National Aeronautics and Space Administration (NASA) of the United States has made it clear they want astronauts back on the Moon in 2024, and now, they are zeroing in on the Red Planet – the US space agency confirmed that it wants humans to reach Mars by 2033.
The NASA chief’s explains –
Jim Bridenstine, NASA’s administrator, said Tuesday that in order to achieve that goal, other parts of the program – including a lunar landing – need to move forward more quickly.
“We want to achieve a Mars landing in 2033,” Bridenstine told lawmakers at a congressional hearing on Capitol Hill.
“We can move up the Mars landing by moving up the Moon landing. The Moon is the proving ground,” added the former Republican congressman, who was appointed by President Donald Trump.
NASA is racing to enact the plans of Trump, who dispatched Vice President Mike Pence to announce that the timetable for once again putting man on the Moon had been cut by four years to 2024.
The new date is politically significant: it would be the final year in Trump’s eventual second term at the White House.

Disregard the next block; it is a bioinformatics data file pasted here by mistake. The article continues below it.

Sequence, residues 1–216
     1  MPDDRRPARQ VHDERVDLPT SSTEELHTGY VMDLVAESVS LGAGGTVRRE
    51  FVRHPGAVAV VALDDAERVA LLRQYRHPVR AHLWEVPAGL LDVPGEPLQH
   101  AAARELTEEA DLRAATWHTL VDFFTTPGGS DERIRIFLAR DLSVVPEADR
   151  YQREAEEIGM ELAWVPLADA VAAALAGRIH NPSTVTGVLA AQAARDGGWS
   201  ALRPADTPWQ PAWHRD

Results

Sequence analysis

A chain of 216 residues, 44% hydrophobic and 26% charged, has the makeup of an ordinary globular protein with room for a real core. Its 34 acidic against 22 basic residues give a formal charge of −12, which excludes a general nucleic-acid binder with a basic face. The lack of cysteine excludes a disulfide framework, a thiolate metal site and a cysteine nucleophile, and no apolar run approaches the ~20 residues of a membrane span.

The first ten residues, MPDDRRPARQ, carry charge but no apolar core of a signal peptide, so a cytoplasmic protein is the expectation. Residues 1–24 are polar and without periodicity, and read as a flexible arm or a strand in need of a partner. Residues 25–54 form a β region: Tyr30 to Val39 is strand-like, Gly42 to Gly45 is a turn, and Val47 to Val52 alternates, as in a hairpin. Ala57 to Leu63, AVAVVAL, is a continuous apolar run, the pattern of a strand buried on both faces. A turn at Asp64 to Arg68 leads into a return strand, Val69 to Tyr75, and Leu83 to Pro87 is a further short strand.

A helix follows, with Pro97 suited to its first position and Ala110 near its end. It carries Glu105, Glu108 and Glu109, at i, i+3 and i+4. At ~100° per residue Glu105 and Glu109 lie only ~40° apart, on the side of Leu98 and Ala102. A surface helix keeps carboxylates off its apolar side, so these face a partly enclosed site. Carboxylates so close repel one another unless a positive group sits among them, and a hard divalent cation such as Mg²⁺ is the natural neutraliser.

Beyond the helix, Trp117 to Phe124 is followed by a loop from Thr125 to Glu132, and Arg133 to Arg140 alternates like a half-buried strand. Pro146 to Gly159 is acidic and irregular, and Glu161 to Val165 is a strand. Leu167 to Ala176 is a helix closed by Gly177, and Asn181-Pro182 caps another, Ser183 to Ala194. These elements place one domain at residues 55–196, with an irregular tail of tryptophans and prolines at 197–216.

the following phases should be cleared for reaching the milestone-
Any mission to Mars would take at least two years, given the distance to be travelled. Getting there alone would take six months, as opposed to the three days needed to reach the Moon.
A round trip to Mars can only take place when the Red Planet is positioned on the same side of the Sun as Earth – that occurs about every 26 months, so the dates are 2031, 2033, and so on.
Many experts and lawmakers are concerned that NASA cannot make the deadline, especially given the major delays in development of its new heavy-lift rocket, the Space Launch System, which is being built by aerospace giant Boeing.
NASA wants to learn how to extract and use the tons of ice at the Moon’s south pole.
“Water ice represents air to breathe, it represents water to drink, it represents fuel,” Bridenstine said.
“The intent of course is to not just get humans to the surface of the Moon but prove that we can live and work on another world.”
Democratic lawmaker Eddie Bernice Johnson, the chair of the House Committee on Science, Space and Technology, asked Bridenstine to put a price tag on the new schedule.
Jim Bridenstine has said that he would make his updated budget request by April 15.